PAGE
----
The Battle of Harlem Heights plaque was designed by James Edward Kelly, a sculptor known for his depiction of military events and scenes from American history. He designed the Soldiers and Sailors Monument on Riverside Drive, as well as other memorials across the country. The plaque, a gift of the Sons of the Revolution in New York State, was installed in 1897, the year that the Morningside Campus was inaugurated.
5. Dodge Fitness Center Plaque
Enter Dodge Fitness Center and walk past the turnstile to the back of the room, then turn left. Look over the last glass case on the right hand wall. The plaque is installed directly over that case, known as the Bayer Trophy Case.
Plaque installed to commemorate 1st Lt.Philip P. Bayer, USMC, Class of 1942.
6. Pupin Hall
Retracing your steps, walk through the Earl Hall Gate, back up the steps and onto the campus. Turn left on the sidewalk before Low Library and proceed north toward West 120th Street until you are in front of Pupin Hall, the building with an observatory dome on its roof.
On January 22, 1939, John Dunning, a Columbia professor and later Dean of the now School of Engineering and Applied Science, and two student assistants split the uranium atom in the basement of Pupin Hall. The success of this experiment led to the Manhattan Project and eventually to the development of the atomic bomb. George Pegram, chair of the Physics Department, was also involved; he and Dunning collaborated with Columbia professor Enrico Fermi. Space was limited, and the project was vulnerable to the threat of enemy invasion because of Columbia’s proximity to the Hudson River. The project was relocated to New Mexico in 1942, but Columbia scientists continued to work on it until its completion in 1945. Pupin Hall is also the site where the maser (precursor to the laser) was invented.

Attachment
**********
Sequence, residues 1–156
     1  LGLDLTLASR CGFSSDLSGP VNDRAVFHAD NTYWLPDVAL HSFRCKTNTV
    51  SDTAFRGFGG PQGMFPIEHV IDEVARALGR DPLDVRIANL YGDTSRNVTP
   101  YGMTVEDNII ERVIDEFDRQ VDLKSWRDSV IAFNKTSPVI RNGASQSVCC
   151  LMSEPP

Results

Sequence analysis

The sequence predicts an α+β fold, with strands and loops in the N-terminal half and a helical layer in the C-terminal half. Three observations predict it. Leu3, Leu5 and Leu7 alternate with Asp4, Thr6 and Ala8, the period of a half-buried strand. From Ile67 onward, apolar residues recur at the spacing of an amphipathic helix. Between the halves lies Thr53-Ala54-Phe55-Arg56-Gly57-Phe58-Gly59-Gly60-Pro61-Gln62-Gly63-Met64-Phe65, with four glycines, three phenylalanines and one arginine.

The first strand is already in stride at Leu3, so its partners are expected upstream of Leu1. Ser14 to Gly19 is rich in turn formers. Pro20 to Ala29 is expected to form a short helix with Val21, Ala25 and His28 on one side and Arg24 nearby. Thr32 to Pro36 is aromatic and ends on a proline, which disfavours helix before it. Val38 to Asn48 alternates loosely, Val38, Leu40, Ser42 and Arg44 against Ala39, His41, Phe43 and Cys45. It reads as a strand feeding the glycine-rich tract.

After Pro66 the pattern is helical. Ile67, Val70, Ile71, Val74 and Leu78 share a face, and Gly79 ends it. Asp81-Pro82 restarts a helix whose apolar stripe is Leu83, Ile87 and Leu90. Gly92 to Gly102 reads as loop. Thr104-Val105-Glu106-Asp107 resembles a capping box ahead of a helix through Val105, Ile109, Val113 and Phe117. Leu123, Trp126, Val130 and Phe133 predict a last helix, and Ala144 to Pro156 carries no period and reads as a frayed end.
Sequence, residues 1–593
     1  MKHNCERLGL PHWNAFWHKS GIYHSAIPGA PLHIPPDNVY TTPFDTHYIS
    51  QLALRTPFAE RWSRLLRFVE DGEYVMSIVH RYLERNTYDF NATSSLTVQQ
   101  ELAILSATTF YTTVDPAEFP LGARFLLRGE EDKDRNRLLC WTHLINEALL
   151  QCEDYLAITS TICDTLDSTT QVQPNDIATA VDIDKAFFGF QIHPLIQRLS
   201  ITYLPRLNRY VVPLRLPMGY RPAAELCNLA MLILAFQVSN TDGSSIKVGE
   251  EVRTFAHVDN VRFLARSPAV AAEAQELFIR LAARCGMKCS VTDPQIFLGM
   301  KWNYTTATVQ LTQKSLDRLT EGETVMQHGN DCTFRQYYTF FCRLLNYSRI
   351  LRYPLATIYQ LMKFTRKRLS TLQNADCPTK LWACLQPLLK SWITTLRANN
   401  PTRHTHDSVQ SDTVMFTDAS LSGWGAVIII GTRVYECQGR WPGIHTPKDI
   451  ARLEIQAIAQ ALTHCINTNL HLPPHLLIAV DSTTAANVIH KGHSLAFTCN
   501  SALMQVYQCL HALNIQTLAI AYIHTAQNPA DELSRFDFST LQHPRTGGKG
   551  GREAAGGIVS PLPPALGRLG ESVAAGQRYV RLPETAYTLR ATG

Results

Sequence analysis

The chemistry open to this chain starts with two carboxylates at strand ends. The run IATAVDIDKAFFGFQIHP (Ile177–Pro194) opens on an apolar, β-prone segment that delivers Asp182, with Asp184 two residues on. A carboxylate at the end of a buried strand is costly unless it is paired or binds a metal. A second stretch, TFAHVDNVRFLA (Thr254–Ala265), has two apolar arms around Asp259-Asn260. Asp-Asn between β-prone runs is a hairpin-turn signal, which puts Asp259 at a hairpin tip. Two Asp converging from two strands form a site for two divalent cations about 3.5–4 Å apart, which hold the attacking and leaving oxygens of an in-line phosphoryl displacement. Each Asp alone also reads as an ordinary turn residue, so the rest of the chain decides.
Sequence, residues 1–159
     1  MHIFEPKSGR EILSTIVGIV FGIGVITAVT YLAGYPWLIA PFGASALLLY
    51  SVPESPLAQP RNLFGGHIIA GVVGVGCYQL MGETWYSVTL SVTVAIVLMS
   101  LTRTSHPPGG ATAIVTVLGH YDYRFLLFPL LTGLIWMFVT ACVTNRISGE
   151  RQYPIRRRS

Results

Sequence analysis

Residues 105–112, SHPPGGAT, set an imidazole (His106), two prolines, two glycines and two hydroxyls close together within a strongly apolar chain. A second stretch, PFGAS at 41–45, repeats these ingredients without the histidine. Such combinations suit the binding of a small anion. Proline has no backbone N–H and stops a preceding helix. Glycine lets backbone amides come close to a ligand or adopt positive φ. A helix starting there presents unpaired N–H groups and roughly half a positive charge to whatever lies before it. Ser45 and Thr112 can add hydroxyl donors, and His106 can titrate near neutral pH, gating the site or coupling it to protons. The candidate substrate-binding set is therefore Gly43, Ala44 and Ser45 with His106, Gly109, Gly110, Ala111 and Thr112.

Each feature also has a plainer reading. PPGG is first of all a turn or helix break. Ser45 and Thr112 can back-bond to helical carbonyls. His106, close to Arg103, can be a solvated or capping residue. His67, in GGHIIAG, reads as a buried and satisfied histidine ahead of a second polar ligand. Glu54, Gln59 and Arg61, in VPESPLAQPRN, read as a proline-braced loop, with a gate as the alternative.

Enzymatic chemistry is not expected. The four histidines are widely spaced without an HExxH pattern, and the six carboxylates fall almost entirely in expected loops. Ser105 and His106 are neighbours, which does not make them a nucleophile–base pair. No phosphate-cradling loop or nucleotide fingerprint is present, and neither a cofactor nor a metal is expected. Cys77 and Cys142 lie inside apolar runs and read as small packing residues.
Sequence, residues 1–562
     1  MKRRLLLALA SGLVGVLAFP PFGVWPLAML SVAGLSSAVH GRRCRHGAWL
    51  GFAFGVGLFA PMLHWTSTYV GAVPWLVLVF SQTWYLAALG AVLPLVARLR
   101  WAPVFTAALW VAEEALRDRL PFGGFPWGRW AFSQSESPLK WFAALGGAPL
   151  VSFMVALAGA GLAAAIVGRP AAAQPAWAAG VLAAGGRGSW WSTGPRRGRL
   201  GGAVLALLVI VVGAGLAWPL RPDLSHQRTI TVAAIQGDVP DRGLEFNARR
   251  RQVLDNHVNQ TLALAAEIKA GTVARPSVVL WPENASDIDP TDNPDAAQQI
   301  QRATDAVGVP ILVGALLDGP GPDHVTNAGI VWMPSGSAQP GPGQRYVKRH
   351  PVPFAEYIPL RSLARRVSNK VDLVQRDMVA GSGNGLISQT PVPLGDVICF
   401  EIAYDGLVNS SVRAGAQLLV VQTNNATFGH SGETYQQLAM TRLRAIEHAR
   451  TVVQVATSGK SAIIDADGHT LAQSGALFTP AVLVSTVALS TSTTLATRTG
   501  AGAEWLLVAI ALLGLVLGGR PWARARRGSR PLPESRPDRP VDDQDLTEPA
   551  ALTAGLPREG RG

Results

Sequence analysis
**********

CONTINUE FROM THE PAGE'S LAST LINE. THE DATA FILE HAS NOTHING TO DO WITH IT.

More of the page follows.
7. St. Paul's Chapel: Nakashima Peace Altar
Retrace your steps until you come to the Wyeth lion, turn left and follow the sidewalk past the back of Low Library. Turn right and follow the sidewalk to St. Paul’s Chapel, on the left. Enter the chapel and walk forward along the right-hand wall until you reach the Peace Alter.
The peace altar, a gift of Professor and Mrs. William Theodore de Bary, commemorates those Columbians who have died in the service of their country. The altar was designed by George Nakashima, an MIT-trained Japanese American architect and sculptor who was interned during World War II along with many other Japanese Americans.
8. Amsterdam Avenue: War of 1812 Commemorative Plaque
Exit the chapel through the main entrance and proceed around the left side of the building. Walk down the stairs exiting the Chapel Gate and turn left onto the sidewalk along Amsterdam Avenue. Look up along the wall, where you will see a mounted plaque.